• Use set field to determine cache set to
                                                              look in
                                                            • Compare tag field to see if we have a hit
                                                            • e.g
                                                              —Address           Tag   Data            Set
                                                              —1FF 7FFC    1FF   12345678       1FFF
                                                              —001 7FFC    001   11223344       1FFF

Two Way
Set                                          Set Associative Mapping Summary
Associative                                  • Address length = (s + w) bits
Example                                      • Number of addressable units = 2s+w
                                               words or bytes
                                             • Block size = line size = 2w words or bytes
                                             • Number of blocks in main memory = 2d
                                             • Number of lines in set = k
                                             • Number of sets = v = 2d
                                             • Number of lines in cache = kv = k * 2d
                                             • Size of tag = (s – d) bits

Replacement Algorithms (1)                   Replacement Algorithms (2)
Direct mapping                               Associative & Set Associative
• No choice                                  • Hardware implemented algorithm (speed)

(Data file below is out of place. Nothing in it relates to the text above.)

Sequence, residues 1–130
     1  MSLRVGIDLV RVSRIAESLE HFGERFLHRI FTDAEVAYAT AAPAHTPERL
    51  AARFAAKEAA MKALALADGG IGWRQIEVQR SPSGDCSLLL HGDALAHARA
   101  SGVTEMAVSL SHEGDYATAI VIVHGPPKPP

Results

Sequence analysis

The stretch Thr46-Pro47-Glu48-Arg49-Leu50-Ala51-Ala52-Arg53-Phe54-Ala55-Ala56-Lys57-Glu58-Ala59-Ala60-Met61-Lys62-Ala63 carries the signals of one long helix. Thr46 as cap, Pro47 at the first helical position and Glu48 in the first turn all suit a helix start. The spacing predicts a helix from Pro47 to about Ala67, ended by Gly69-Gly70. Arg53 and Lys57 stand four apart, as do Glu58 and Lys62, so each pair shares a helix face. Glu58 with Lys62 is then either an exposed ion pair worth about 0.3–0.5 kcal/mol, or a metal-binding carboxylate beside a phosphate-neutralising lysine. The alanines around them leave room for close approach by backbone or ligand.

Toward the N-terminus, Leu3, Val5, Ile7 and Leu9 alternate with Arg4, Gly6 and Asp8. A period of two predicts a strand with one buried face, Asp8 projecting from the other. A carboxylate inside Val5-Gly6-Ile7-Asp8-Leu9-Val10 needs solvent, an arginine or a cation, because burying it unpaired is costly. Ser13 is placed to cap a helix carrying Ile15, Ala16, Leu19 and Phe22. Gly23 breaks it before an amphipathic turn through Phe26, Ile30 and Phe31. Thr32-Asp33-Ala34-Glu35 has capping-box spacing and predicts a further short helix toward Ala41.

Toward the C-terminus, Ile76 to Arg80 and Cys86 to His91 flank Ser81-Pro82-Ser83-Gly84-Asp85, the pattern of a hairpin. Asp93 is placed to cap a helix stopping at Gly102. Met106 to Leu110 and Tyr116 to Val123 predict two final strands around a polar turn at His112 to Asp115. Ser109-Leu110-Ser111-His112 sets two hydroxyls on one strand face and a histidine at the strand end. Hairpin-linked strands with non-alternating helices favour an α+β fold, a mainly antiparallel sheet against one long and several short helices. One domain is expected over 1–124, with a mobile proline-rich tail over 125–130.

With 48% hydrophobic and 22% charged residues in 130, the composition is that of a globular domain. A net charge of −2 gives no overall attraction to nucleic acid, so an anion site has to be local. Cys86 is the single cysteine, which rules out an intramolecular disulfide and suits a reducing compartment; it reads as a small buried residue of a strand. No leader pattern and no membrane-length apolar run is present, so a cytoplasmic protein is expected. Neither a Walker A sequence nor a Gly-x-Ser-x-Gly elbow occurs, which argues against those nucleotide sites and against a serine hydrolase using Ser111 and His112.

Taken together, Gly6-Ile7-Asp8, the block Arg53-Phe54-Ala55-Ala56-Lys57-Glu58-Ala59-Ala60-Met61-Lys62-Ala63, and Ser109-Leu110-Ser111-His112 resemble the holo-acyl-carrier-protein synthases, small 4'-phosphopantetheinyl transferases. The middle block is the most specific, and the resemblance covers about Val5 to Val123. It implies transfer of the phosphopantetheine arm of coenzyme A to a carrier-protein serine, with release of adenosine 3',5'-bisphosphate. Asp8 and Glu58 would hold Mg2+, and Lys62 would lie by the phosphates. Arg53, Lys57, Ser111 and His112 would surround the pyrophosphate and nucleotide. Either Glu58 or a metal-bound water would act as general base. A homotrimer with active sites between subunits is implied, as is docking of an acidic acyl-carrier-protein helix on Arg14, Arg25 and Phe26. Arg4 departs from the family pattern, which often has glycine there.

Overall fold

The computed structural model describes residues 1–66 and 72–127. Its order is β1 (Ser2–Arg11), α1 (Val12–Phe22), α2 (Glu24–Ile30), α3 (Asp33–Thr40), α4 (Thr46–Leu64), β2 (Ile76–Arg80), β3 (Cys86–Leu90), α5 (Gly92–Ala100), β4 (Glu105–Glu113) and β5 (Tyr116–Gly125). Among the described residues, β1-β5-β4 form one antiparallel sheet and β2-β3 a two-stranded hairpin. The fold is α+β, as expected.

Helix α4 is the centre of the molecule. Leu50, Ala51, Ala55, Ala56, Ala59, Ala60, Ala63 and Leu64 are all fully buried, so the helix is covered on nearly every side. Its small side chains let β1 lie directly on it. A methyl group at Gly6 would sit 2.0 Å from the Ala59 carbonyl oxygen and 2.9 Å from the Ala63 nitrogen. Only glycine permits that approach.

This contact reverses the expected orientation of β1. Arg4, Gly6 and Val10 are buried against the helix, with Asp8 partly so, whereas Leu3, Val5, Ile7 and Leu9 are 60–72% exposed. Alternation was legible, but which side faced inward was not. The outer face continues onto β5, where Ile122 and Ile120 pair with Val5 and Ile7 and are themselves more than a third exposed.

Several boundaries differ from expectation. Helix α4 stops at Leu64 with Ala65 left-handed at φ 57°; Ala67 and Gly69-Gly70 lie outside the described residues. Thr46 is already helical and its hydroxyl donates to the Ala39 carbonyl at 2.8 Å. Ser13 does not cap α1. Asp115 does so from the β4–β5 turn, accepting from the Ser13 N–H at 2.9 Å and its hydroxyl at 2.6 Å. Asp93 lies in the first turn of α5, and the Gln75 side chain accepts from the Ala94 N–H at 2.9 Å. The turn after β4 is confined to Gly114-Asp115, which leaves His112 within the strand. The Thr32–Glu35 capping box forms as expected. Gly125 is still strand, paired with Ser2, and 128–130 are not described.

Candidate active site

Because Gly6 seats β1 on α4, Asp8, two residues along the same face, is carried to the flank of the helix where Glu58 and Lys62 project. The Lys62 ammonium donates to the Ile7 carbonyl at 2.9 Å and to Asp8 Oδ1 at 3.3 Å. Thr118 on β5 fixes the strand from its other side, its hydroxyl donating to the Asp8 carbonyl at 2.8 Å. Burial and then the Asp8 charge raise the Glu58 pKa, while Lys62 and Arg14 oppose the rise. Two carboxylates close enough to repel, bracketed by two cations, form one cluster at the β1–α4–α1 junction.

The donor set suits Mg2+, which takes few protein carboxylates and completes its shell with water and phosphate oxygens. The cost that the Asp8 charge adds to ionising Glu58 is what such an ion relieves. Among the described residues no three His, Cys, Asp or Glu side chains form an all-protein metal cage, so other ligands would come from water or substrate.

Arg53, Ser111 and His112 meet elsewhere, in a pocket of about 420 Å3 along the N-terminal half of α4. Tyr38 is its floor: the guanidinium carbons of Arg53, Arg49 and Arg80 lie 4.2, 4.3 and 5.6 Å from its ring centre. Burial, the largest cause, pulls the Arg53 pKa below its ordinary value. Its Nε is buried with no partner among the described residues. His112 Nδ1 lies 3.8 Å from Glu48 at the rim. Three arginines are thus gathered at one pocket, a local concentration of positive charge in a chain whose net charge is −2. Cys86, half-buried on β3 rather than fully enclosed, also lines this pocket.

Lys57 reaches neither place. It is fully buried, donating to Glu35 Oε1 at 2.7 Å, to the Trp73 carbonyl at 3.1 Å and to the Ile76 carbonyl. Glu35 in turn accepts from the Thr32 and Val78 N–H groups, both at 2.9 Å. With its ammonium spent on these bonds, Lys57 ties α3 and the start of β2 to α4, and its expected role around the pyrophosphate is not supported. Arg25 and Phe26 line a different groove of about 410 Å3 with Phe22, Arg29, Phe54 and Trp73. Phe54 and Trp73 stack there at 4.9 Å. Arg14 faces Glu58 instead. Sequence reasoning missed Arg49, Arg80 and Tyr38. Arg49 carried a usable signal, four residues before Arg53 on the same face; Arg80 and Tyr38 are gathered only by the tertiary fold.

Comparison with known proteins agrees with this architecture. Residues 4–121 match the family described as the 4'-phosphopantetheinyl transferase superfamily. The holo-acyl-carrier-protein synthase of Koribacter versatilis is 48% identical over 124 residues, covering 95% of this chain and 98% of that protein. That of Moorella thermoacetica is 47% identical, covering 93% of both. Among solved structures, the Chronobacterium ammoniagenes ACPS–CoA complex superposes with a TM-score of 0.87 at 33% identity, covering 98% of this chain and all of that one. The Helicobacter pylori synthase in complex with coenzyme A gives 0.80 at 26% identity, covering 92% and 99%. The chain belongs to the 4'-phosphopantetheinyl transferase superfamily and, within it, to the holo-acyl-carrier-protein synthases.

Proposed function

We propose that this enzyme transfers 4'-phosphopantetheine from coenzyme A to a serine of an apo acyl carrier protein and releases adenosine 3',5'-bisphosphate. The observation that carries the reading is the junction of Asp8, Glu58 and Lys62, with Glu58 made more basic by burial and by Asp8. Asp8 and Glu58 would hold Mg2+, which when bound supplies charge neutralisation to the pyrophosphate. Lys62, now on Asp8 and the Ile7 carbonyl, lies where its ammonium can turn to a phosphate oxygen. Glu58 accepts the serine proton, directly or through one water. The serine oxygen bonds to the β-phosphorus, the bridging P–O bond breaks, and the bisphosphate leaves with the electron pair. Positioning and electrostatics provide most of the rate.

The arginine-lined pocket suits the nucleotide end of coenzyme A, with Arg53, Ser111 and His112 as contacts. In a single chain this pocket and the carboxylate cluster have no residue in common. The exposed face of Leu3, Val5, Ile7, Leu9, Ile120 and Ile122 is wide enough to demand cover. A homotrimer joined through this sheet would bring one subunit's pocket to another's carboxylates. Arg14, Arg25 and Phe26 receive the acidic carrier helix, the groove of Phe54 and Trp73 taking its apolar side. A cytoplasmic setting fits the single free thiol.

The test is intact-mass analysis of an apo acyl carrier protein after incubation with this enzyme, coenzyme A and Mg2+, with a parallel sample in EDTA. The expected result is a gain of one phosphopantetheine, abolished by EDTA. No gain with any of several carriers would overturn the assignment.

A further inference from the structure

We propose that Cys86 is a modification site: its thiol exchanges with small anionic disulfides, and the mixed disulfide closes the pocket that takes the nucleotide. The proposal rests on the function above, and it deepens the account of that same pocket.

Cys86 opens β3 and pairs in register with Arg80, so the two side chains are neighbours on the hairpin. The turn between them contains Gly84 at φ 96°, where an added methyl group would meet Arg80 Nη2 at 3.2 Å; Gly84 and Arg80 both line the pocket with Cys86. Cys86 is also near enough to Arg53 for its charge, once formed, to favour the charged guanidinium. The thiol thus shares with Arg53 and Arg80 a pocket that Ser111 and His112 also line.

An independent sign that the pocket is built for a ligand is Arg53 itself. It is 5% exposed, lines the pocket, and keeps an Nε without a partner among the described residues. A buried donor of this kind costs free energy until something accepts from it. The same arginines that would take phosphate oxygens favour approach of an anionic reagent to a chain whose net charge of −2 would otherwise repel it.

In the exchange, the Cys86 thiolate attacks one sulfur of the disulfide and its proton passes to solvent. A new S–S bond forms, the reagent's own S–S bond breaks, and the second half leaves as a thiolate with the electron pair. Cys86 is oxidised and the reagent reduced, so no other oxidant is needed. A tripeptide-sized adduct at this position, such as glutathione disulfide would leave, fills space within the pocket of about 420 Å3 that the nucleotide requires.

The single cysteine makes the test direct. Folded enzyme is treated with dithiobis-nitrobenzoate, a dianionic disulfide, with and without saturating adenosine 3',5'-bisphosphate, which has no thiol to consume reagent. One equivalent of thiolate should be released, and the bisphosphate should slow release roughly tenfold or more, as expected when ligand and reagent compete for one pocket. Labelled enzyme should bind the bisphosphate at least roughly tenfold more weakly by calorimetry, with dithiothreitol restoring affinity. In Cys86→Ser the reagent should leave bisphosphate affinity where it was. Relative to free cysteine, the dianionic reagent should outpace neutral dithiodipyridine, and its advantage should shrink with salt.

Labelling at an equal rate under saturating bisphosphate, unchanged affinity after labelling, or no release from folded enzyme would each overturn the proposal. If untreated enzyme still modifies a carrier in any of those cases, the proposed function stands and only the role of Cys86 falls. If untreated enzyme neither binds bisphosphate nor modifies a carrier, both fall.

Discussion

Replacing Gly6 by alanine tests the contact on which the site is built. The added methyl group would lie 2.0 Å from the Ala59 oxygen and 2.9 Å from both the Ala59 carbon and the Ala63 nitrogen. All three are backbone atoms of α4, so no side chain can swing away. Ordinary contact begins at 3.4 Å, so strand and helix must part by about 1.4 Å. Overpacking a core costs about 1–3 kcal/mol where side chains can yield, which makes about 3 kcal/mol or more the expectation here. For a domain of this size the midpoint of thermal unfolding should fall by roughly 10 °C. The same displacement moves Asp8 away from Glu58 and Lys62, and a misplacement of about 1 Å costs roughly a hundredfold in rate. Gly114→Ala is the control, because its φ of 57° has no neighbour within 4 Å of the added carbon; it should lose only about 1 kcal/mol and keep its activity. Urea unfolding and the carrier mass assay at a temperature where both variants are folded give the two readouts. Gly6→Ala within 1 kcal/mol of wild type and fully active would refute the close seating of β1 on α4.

• Each block only maps to one line           • Least Recently used (LRU)
• Replace that line                          • e.g. in 2 way set associative
                                               —Which of the 2 block is lru?
                                             • First in first out (FIFO)
                                               —replace block that has been in cache longest
                                             • Least frequently used
                                               —replace block which has had fewest hits
                                             • Random

Write Policy                                 Write through
• Must not overwrite a cache block unless    • All writes go to main memory as well as
  main memory is up to date                    cache
• Multiple CPUs may have individual caches   • Multiple CPUs can monitor main memory
• I/O may address main memory directly         traffic to keep local (to CPU) cache up to
                                             • Lots of traffic
                                             • Slows down writes

                                             • Remember bogus write through caches!

    Write back                                                                                                          Pentium 4 Cache
     • Updates initially made in cache only                                                                             • 80386 – no on chip cache
                                                                                                                        • 80486 – 8k using 16 byte lines and four way set
     • Update bit for cache slot is set when                                                                              associative organization
       update occurs                                                                                                    • Pentium (all versions) – two on chip L1 caches